By Erik Gudris | Saturday, April 5, 2014
Serena Williams, after losing in Charleston, admitted she needed a break after more than two years of non-stop playing. What's next for the World No. 1 aside from a vacation?
Photo Credit: Corleve
You could see it in Serena Williams' eyes that she was tired. Traveling straight from Miami, Williams made the media rounds at the Family Circle Cup All-Access event on Monday. The defending champion did her duty by talking to the assembled reporters before doing multiple on-camera promotions to support the event. It's part of the job for any of the top players. But Williams seemed a tad more subdued than usual.
While expressing delight at returning to Charleston, a lingering doubt hovered over the World No.1's head. Could she really make the turnaround from winning a record seventh Miami title and then earn a third straight Family Circle Cup title the next week?
The answer was, of course, "no." Williams, despite trying to figure things out against an inspired Jana Cepelova, ran into the proverbial wall plus a determined opponent on Tuesday night in her second round match. Though we expect Williams to pull herself out of the slow starts she often finds herself in, Cepelova did not let Williams roar back to life as the young Slovakian completed a well-earned 6-4, 6-4 upset win.
Williams gave full credit to Cepelova who matched the World No.1 from all sides of the court. When asked if the turnaround from Miami was also a factor in the loss, Williams cited it was more cumulative than that.
"No. I actually made the turnaround really, really good. I'm really just dead. I need some weeks off where I don't think about tennis and kind of regroup. I've had a long couple of years, and I'm really a little fatigued."
Yes, the mighty Serena Williams needs a break. While Williams is always expected to win every time she steps onto a court, what we don't see is all the preparation and travel and everything else that it takes to get there. Add in that the WTA season ends in October allowing only a short time to recover and then start training again, it appears that little window wasn't enough time for Williams.
"I'm going to go on a vacation, for sure. I'm like I definitely…I need some time off, so I'm going to kind of take a deep breath, and I haven't had time, even in the off season, I went straight to training and there's just been so much in a couple several years, so I just need to take a deep breath and regroup, and I think actually it'll really help me for the rest of the clay court season," Williams said.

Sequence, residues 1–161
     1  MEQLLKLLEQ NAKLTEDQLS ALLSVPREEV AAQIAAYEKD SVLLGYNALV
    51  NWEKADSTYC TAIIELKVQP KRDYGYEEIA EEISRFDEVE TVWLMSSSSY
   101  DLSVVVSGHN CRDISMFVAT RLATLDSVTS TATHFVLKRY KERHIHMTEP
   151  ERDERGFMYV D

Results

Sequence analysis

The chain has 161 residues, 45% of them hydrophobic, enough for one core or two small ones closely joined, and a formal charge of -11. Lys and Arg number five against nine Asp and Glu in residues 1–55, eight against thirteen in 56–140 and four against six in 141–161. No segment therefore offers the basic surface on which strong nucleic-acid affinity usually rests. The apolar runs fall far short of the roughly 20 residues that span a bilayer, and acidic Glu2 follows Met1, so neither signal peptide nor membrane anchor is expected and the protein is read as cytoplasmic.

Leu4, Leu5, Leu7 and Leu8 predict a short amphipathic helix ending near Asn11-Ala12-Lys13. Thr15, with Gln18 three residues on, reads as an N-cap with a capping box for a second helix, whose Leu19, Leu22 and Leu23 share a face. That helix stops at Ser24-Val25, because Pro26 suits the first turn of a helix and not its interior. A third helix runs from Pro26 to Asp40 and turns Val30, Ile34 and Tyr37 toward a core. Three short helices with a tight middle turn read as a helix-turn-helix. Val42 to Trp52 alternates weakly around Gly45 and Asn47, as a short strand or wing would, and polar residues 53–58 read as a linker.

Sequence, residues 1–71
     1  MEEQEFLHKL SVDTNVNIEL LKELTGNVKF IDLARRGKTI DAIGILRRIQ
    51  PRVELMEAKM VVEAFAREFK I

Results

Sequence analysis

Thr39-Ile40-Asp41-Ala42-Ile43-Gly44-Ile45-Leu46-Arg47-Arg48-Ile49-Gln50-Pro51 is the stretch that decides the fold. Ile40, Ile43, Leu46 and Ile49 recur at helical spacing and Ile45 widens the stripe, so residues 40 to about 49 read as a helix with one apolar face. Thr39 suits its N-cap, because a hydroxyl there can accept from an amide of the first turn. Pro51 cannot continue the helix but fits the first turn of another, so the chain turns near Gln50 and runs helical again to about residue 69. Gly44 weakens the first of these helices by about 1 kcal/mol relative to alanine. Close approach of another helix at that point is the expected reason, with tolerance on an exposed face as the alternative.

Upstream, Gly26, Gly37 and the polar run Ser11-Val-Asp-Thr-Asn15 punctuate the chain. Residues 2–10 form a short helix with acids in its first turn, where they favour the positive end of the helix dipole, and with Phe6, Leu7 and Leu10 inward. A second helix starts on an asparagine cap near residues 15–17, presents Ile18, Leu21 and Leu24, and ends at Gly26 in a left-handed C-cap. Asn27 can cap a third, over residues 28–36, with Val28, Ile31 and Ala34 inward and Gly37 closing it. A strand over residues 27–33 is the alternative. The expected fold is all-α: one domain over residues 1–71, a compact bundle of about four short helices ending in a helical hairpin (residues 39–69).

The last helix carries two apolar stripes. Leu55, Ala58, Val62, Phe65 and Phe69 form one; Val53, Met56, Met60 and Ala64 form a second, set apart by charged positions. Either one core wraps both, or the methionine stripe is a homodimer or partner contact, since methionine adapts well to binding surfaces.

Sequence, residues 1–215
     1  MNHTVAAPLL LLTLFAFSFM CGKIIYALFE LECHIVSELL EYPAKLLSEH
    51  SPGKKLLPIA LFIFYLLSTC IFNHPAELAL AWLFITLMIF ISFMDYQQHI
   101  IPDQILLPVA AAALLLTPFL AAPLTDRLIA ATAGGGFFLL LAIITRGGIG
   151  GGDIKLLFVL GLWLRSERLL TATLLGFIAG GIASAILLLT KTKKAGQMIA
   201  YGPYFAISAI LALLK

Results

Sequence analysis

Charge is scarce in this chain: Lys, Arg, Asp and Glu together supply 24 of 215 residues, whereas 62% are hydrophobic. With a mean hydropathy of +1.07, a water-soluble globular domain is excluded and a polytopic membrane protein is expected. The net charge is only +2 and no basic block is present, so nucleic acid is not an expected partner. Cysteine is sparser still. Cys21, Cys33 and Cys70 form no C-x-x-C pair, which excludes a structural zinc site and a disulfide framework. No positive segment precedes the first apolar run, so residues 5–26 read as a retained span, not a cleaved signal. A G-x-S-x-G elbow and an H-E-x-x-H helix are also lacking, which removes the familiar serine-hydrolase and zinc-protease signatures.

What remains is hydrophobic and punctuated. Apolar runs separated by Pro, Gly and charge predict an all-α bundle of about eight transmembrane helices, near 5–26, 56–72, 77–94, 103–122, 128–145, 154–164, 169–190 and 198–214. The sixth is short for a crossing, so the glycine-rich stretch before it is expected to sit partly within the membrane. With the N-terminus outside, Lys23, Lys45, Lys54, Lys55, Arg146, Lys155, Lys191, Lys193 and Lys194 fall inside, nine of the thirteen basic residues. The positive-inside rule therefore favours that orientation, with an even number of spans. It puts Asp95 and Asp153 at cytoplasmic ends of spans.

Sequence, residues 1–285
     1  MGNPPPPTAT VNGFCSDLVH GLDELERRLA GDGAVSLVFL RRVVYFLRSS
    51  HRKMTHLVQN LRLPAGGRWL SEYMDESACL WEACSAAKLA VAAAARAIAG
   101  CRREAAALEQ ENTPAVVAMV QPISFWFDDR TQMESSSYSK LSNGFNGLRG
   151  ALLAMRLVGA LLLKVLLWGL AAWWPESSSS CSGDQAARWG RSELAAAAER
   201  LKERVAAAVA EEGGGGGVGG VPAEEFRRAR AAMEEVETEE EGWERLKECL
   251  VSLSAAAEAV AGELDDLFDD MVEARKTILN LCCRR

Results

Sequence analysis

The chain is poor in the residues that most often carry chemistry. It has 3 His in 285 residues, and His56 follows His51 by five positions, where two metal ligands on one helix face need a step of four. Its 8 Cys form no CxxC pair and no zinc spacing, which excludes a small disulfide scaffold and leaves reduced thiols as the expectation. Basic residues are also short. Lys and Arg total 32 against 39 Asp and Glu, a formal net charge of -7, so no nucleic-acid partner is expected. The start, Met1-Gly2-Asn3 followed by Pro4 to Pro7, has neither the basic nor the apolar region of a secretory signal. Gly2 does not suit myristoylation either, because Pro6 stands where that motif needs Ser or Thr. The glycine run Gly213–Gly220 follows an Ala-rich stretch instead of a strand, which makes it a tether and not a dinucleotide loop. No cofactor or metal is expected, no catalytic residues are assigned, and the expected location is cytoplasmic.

Since making her comeback from health issues starting in 2011, Williams has played more events than she did when younger. While many hailed Williams' new focus and commitment to the sport, those extra hours on court have added up to tons of frequent flyer miles that it looks like Williams is ready to redeem now.
Make no mistake, Williams is committed to tennis for the long haul. But while a short time away from the sport will help her recharge this season, she will have to reevaluate her whole plan on staying No. 1 and being a Grand Slam contender more often now, simply because she is getting older and she may not bounce back day in and day out as quickly as even she would like.
We've seen Williams time and time again show up at an event looking and playing sluggish, yet still be able to defeat everybody else. She did just that in Miami. But how many more times can she get away with that? If Williams, who, let's face it, is chasing tennis immortality, wants to lay claim to some elusive records in the sport, she may have to find an even more elusive balance between playing perhaps less but still finding a way to win the biggest prizes. That could mean she might have to loosen her nearly vice-like grip over the rest of the tour during the next few seasons if she wants to stay fresh.
After an incredible two years that saw her win four Grand Slam titles, two Olympic Gold medals and return to No. 1, Serena Williams not only wants a short rest but also a long-term plan to stay reinvigorated after being on tour for almost 20 years. Will she find that new approach? We'll soon find out.